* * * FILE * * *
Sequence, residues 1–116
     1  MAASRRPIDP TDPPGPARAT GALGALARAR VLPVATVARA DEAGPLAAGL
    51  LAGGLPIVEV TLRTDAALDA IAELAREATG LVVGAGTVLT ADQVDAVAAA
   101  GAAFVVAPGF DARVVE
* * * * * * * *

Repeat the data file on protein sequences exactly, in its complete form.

Sequence, residues 1–116
     1  MAASRRPIDP TDPPGPARAT GALGALARAR VLPVATVARA DEAGPLAAGL
    51  LAGGLPIVEV TLRTDAALDA IAELAREATG LVVGAGTVLT ADQVDAVAAA
   101  GAAFVVAPGF DARVVE